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[Feature article]Optimizing HEA film thickness to improve the toughness of its composite microlattice metamaterials

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Release Date: 2021-01-26 Visited: 

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1. Introduction 

Recently, the incorporation of high-entropy alloys (HEAs) in composite microlattice structures have yielded superior mechanical performance and desirable functional properties compared to conventional metallic lattices. However, the modulus mismatch and poor adhesion between the soft polymer core and stiff metallic film coating often results in delamination of the film and brittle strut fracture at relatively low strain levels (typically below 10%). In this work, by utilizing metal size effect, Surjadi et al. from City University of Hong Kong reported that “Optimizing film thickness to delay strut fracture in high-entropy alloy composite microlattices” on International Journal of Extreme Manufacturing (IJEM). In this work, the authors demonstrated that by optimizing the HEA film thickness in a CoCrNiFe-coated microlattice, they can completely suppress delamination and significantly delay the onset of strut fracture, consequently increasing the specific strength by up to 50%. This work presents an efficient strategy to improve the properties of metal-composite mechanical metamaterials for structural applications.

2. Background

Emerging mechanical metamaterials including metallic microlattice metamaterials have attracted increasing interest in the recent years owing to its ability to exhibit excellent mechanical properties such as high stiffness and strength at low densities. Among the various strategies implemented, metal/alloy composite microlattices present a straightforward but effective method to elevate the stiffness and strength at even lower weight. Furthermore, high-entropy entropy alloys (HEAs), consisting of four or five primary constituent metal elements, have recently been implemented in composite micro- and nanolattices to exhibit superior specific strength and tunable properties compared to conventional metals/alloys. However, these HEA microlattices still experience brittle strut fracture at low compressive strains (~ 7%) despite its high strength. This phenomenon has also been observed in most of the composite microlattice reported thus far and is primarily caused by the insufficient strength of the core or delamination of the film.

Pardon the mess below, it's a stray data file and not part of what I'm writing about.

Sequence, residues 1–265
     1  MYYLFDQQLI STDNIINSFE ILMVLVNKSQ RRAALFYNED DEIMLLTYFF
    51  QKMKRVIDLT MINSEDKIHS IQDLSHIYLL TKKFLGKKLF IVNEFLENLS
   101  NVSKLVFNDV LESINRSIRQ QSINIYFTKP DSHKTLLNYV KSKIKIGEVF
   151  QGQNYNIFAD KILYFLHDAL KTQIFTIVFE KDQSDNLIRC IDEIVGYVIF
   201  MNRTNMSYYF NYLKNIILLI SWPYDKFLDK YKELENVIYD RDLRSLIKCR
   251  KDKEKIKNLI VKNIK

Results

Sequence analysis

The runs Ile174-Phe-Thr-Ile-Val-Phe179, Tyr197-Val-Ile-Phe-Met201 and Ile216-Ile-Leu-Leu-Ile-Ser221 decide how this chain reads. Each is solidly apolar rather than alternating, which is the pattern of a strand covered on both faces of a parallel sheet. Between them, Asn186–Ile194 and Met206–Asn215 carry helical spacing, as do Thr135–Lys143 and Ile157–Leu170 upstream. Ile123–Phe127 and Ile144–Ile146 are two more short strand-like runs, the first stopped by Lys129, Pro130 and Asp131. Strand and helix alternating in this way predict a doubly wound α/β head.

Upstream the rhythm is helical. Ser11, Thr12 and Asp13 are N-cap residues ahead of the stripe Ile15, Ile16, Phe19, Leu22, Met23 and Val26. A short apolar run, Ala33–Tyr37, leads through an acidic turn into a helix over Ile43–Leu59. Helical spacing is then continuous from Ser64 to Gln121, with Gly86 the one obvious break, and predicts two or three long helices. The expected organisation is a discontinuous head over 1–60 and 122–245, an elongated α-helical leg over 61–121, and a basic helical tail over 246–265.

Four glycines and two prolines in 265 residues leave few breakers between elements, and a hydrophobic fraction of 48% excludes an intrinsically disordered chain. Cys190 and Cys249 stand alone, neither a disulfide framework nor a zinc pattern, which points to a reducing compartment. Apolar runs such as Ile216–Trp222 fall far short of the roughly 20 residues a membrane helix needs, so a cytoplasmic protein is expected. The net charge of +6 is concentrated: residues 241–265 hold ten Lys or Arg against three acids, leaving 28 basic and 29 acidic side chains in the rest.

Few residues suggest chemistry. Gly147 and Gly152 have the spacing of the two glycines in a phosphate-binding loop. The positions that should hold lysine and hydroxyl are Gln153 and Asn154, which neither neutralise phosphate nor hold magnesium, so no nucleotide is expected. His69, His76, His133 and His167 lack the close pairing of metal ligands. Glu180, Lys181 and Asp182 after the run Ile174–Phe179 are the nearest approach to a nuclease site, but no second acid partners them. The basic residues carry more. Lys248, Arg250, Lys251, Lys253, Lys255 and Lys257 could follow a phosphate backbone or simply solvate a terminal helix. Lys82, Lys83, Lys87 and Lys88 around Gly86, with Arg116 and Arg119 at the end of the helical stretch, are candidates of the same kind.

3. Recent Advances

HEA composite lattice design and microfabrication process

Firstly, the octet lattice was designed and optimized using a CAD software (SolidWorks) and the polymer microlattices were fabricated via PµSL (BMF Technologies). The octet geometry was chosen due to its stretching-dominated behavior, allowing it to withstand larger loads than a bending-dominated lattice at similar relative densities. The octet lattice has a unit cell size of 2 mm and a strut diameter of 0.2 mm. Subsequently, a thin layer of CoCrNiFe HEA film were then deposited onto polymer scaffold via magnetron sputtering at room temperature.

Figure 1. (a) Representative unit cell of the HEA-coated octet lattice fabricated. (b, c) Schematic illustration of the PµSL printing technology (b) to fabricate the polymer lattices and DC magnetron sputtering (c) used to deposit a thin HEA coating on the polymer lattice to obtain the composite lattices.

in situ uniaxial compression of polymer and composite microlattices